(b) saving expense;

(c) dealing with the case in ways which are proportionate –

(d) ensuring that it is dealt with expeditiously and fairly;

(f) enforcing compliance with rules, practice directions and orders.

1.2 The court must seek to give effect to the overriding objective when it –

(a) exercises any power given to it by the Rules

1.3 The parties are required to help the court to further the overriding objective.

1.4

(1) The court must further the overriding objective by actively managing cases.

(2) Active case management includes –

(e) encouraging the parties to use an alternative dispute resolution procedure

Sanctions for Failing to Mediate

The Court has power to and frequently imposes cost sanctions against parties who refuse to mediate.

PGF II SA v OMFS Company 1 Ltd [2013] EWCA Civ 1288

Lord Justice Briggs:

1. An unreasonable refusal to participate in ADR has, since 2004, been identified by this court as a form of unreasonable conduct of litigation to which the court may properly respond by imposing costs sanctions: see Halsey v Milton Keynes General NHS Trust [2004] 1WLR 3002.

2. The Halsey case was the first in which the Court of Appeal addressed, as a matter of principle, the extent to which it was appropriate for the court to use its powers to encourage parties to civil litigation to settle their disputes otherwise than by trial.

24. In the nine and a half years which have elapsed since the decision in the Halsey case, much has occurred to underline and confirm the wisdom of that conclusion.

34. In my judgment, the time has now come for this court firmly to endorse the advice given in Chapter 11.56 of the ADR Handbook, that silence in the face of an invitation to participate in ADR is, as a general rule, of itself unreasonable.

56. Finally, as is recognised by the weight placed on the judge’s decision in the passage in the ADR Handbook to which I have referred, this case sends out an important message to civil litigants, requiring them to engage with a serious invitation to participate in ADR ……. The court’s task in encouraging the more proportionate conduct of civil litigation is so important in current economic circumstances that it is appropriate to emphasise that message by a sanction which, even if a little more vigorous than I would have preferred, nonetheless operates pour encourager les autres.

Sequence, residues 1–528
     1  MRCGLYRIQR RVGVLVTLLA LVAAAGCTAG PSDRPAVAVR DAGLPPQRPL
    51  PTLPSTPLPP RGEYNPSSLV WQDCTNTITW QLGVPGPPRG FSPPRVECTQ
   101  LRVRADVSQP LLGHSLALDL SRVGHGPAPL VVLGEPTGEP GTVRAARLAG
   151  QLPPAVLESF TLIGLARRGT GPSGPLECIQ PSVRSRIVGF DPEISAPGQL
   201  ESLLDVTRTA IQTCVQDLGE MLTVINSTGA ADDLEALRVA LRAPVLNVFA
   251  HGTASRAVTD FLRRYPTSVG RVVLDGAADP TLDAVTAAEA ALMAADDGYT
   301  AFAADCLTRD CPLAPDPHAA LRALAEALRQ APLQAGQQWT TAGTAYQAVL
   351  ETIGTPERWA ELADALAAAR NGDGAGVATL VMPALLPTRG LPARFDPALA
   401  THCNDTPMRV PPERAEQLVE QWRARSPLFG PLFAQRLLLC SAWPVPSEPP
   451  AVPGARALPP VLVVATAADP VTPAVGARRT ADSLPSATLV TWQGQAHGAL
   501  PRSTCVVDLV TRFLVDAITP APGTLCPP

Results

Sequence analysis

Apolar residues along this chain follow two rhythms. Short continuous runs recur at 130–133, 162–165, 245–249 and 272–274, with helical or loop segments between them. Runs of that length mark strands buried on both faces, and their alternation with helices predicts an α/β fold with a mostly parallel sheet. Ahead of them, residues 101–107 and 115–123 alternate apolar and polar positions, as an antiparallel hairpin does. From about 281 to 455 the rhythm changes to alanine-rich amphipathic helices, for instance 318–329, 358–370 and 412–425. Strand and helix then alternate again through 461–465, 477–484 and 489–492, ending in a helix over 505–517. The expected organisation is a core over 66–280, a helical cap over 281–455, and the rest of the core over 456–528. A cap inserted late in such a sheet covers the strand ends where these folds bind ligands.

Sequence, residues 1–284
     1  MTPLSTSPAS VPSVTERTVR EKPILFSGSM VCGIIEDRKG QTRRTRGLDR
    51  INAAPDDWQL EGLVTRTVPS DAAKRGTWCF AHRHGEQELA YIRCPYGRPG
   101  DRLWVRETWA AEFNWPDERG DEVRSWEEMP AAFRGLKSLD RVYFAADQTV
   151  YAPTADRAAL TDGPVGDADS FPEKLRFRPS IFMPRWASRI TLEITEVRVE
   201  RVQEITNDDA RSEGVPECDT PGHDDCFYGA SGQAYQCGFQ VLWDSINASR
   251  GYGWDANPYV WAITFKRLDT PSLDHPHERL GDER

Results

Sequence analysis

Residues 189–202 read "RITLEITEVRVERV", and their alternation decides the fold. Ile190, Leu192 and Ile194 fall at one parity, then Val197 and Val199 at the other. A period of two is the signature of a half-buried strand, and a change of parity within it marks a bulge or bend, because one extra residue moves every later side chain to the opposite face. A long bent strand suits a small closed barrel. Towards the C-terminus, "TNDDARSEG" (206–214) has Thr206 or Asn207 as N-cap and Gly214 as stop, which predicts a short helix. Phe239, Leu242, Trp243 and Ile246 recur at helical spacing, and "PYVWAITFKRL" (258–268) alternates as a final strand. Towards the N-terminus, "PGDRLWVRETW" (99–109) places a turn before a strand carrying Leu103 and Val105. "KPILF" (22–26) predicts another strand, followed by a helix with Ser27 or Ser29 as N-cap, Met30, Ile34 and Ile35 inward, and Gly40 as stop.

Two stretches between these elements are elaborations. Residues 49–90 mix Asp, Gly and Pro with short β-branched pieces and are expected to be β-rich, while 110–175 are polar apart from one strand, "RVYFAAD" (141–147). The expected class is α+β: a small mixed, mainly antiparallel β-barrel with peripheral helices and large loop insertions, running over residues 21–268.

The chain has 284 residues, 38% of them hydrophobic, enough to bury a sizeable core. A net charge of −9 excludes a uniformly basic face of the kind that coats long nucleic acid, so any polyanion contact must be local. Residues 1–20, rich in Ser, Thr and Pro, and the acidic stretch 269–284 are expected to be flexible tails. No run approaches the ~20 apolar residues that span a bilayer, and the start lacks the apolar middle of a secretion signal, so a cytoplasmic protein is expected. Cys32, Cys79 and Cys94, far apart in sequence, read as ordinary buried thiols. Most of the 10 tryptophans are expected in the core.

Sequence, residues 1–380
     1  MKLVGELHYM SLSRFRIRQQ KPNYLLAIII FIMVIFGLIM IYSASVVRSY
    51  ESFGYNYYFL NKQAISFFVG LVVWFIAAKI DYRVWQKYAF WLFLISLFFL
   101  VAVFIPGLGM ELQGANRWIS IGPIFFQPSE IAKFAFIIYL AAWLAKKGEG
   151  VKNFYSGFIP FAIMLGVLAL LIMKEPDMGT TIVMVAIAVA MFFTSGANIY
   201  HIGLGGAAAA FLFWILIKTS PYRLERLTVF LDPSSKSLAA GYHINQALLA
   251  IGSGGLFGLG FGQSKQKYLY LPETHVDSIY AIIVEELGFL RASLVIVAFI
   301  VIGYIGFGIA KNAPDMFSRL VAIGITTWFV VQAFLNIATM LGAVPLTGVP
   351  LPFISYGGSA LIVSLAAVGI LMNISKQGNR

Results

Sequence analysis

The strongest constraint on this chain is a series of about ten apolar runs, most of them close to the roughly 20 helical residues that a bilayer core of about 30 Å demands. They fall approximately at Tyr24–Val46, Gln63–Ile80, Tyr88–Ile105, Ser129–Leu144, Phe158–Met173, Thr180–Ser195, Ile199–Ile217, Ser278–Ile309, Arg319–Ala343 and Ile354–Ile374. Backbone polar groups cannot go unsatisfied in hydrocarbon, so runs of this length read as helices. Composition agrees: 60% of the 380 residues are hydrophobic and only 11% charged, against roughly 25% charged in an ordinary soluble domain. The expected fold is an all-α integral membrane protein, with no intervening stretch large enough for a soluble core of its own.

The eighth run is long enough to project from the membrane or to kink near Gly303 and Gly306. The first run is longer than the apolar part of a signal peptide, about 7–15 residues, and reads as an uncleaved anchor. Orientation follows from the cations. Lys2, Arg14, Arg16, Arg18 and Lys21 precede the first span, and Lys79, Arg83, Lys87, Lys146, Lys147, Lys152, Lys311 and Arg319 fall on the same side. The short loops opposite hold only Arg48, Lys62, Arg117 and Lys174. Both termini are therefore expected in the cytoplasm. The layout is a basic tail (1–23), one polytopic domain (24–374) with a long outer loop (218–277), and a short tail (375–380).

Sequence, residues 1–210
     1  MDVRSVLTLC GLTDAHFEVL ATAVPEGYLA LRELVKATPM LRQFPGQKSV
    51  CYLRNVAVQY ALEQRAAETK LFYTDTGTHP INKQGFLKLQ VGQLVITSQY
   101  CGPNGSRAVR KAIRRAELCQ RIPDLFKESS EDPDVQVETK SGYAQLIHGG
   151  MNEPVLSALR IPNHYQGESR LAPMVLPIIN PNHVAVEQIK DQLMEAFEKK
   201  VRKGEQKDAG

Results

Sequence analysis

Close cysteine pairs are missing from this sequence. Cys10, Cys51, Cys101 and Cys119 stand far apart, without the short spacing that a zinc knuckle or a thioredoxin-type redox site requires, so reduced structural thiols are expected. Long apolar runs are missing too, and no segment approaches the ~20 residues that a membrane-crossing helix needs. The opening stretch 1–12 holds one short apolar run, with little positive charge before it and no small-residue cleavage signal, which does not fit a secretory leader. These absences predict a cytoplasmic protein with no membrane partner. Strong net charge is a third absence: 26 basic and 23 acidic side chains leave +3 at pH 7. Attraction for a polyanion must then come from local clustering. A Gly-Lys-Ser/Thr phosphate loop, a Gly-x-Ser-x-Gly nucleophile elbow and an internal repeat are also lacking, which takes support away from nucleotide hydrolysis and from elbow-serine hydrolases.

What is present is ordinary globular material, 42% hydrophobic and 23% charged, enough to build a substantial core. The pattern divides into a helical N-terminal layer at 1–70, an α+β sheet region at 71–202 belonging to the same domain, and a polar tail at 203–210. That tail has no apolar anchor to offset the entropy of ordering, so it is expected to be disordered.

Attempts to Avoid Mediation

The court is very weary of attempts to avoid mediation and these are usually given a short shrift response. Indeed Mr Justice Turner in Laporte characterised refusing to mediate as a ‘high risk’ strategy.

Burchell v Bullard (2005) EWCA 358

Lord Justice Ward

41. The stated reason for refusing mediation that the matter was too complex for mediation is plain nonsense.

Lord Justice Rix

50. I agree that mediation here would have had a reasonable prospect of success and that a party cannot rely on its own obstinacy to assert that it would not.

Laporte & Anor v The Commissioner of Police of the Metropolis [2015] EWHC 371 (QB)

Mr Justice Turner quoting Mr Justice Lightman - Hurst v Leeming [2003] 1 Lloyd's Rep 379

53. ‘what appears to be incapable of mediation before the mediation process begins often proves capable of satisfactory resolution.’

Other Judicial Dicta

Burchell v Bullard (2005) EWCA 358

Lord Justice Ward

43. Halsey has made plain not only the high rate of a successful outcome being achieved by mediation but also its established importance as a track to a just result running parallel with that of the court system. Both have a proper part to play in the administration of justice. The court has given its stamp of approval to mediation and it is now the legal profession which must become fully aware of and acknowledge its value. The profession can no longer with impunity shrug aside reasonable requests to mediate. The parties cannot ignore a proper request to mediate simply because it was made before the claim was issued.

Lord Justice Rix

50. The court is entitled to take an unreasonable refusal into account, even when it occurs before the start of formal proceedings.

Oliver and another -v- Symons and Another [2012] EWCA Civ 267

Lord Justice Ward

53. It depresses me that solicitors cannot at the very first interview persuade their clients to put their faith in the hands of an experienced mediator, a dispassionate third party, to guide them to a fair and sensible compromise of an unseemly battle which will otherwise blight their lives for months and months to come.

Consequences of Failing to Mediate

PGF II SA v OMFS Company 1 Ltd [2013] EWCA Civ 1288

Sanction Applied - Party penalised £250,000 Costs

Laporte & Anor v The Commissioner of Police of the Metropolis [2015] EWHC 371 (QB)

Sanction Applied - Party penalised One Third of Costs

Rolf v De Guerin [2011] EWCA Civ 78

Sanction Applied - Party penalised All of Costs

C 2018 Resolve UK